Suddenly, with the click of a mouse, you're in the middle of a battlefield during World War I. A few more clicks leads to archetypal images of a mother and child, a weather-worn diary entry, and the headshot of a beautiful woman superimposed on the animated scene of soldiers caught in the middle of a crossfire.
Nicolas Clauss has given viewers the chance to go back in time and see not only the First World War, but also the "thoughts" of the soldiers, presented as stillimages fading into the battlefield.
The intensely emotional piece, entitled The Sleepers, can be found on his website, which includes many of his varied works.
Ideally, Clauss would have his work displayed on a large screen in a dark room. "When the work is bigger than the spectator, that's the best."
However, Clauss sees many advantages to the Internet. It enables him to refresh his "gallery" easily, an aspect he enjoys since the more recent his work is, the more he likes it. After a few months, he says, "I just get bored [with] it."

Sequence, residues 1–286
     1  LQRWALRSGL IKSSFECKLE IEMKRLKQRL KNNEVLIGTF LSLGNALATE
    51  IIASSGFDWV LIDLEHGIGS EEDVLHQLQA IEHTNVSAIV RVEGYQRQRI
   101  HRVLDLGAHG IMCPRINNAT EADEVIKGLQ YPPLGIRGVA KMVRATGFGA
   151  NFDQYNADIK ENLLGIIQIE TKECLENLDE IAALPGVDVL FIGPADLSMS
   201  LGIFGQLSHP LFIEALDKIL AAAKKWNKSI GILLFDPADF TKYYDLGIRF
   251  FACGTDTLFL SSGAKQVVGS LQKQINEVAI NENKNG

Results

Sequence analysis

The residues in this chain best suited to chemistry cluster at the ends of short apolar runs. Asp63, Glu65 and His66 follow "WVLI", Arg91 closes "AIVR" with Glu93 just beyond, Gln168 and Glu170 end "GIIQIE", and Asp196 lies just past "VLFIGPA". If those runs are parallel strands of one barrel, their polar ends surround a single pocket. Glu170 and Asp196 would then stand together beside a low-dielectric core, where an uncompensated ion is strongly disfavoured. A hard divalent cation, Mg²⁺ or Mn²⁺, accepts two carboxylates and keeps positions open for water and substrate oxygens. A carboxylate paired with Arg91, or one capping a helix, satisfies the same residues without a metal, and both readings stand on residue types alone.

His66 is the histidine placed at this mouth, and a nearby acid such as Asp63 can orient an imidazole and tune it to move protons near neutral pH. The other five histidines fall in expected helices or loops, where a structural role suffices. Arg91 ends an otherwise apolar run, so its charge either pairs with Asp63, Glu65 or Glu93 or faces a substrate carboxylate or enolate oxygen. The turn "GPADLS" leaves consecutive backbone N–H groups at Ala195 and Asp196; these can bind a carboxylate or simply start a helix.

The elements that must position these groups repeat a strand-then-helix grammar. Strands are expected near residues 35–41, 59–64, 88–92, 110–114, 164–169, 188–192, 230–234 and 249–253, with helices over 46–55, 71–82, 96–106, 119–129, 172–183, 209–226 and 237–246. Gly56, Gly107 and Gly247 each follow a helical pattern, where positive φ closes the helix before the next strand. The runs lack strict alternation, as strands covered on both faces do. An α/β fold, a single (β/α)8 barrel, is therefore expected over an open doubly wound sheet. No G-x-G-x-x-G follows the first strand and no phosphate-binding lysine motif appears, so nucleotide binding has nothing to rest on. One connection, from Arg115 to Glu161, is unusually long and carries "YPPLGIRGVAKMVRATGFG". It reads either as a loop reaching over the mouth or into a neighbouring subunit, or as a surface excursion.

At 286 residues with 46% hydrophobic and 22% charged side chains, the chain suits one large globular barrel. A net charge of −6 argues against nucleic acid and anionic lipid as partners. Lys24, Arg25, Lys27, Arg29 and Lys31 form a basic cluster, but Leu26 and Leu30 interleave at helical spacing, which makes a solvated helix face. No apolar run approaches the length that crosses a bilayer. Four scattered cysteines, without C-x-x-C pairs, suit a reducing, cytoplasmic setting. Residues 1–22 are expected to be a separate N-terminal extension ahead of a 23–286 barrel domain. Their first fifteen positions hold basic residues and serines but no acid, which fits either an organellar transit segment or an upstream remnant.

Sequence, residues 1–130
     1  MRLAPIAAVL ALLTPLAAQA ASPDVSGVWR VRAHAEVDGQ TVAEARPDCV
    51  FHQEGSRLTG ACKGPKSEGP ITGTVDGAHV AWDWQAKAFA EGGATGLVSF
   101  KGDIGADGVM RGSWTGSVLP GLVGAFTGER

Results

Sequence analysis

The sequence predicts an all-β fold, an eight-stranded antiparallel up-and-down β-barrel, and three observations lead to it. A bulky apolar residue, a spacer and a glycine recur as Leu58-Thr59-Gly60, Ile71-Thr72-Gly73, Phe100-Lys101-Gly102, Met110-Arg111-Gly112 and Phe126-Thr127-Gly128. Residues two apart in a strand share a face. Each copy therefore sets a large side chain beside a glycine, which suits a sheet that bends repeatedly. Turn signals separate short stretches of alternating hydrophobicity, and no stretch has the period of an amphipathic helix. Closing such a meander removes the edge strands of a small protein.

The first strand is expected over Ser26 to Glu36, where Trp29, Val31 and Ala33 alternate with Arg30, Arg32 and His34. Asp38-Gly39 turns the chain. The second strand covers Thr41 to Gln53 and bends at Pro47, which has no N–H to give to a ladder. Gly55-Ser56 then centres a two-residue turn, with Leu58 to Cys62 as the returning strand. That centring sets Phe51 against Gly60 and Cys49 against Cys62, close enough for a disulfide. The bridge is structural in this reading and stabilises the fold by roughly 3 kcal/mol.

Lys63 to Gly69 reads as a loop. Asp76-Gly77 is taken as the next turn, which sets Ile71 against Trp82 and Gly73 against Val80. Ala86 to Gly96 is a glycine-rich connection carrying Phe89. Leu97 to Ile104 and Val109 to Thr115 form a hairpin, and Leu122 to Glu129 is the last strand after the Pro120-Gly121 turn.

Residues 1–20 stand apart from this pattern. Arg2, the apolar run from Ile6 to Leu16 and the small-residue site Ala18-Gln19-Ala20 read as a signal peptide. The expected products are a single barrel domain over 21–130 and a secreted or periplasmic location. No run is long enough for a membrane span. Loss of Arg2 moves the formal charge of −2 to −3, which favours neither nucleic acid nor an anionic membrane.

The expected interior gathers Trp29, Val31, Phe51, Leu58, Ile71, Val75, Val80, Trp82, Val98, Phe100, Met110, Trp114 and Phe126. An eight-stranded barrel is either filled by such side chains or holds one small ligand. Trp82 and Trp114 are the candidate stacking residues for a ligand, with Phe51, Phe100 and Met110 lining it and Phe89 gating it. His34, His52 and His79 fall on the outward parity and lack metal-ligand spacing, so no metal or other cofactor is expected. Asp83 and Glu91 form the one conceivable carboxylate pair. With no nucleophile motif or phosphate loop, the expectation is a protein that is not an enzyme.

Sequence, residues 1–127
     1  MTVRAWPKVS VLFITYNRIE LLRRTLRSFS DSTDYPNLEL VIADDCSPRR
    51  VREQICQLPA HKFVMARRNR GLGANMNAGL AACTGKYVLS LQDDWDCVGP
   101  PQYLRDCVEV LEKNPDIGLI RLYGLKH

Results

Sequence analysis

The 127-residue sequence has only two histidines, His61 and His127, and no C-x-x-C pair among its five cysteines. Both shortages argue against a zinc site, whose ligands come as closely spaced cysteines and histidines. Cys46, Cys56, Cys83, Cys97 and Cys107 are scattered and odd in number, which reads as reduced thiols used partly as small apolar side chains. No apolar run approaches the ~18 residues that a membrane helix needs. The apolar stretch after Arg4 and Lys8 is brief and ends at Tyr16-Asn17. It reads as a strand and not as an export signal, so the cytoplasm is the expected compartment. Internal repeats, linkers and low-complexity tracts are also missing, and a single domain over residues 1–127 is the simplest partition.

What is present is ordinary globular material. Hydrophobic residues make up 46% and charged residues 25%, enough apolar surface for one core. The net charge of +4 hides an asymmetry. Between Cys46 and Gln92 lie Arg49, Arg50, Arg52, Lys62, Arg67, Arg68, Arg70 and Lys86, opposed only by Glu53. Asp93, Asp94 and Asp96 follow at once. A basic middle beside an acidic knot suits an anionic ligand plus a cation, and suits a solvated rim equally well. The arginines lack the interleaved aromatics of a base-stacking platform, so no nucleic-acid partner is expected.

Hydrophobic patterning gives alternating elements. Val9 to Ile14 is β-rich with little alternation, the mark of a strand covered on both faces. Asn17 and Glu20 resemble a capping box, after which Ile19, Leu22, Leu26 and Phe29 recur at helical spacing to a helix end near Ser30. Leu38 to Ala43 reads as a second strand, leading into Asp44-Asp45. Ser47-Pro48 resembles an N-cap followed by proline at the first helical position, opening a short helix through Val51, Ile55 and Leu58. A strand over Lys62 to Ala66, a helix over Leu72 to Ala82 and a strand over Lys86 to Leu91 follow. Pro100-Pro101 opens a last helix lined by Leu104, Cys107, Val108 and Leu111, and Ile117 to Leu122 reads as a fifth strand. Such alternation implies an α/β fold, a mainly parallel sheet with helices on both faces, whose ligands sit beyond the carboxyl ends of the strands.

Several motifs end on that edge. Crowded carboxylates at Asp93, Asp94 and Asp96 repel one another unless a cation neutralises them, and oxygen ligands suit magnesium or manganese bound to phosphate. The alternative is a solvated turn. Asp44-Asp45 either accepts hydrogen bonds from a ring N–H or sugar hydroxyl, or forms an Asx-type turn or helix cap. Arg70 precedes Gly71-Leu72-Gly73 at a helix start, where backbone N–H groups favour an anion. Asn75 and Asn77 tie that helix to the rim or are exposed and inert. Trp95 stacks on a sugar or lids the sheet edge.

Before 1999, Clauss was a painter and if asked, still refers to himself as one. "I painted for 12 years, but the Internet is cheaper, quicker, and [allows the viewer] more independence," he says. Clauss appreciates the medium for its ability to allow collaboration with people all over the world, without stepping foot outdoors.
Clauss also values the fact that anyone, anywhere can view his art. But the biggest advantage the Internet provides, according to Clauss, is intimacy-the feeling a viewer gets from the lone interaction with his art. "I really believe in that one-to-one relationship," says Clauss.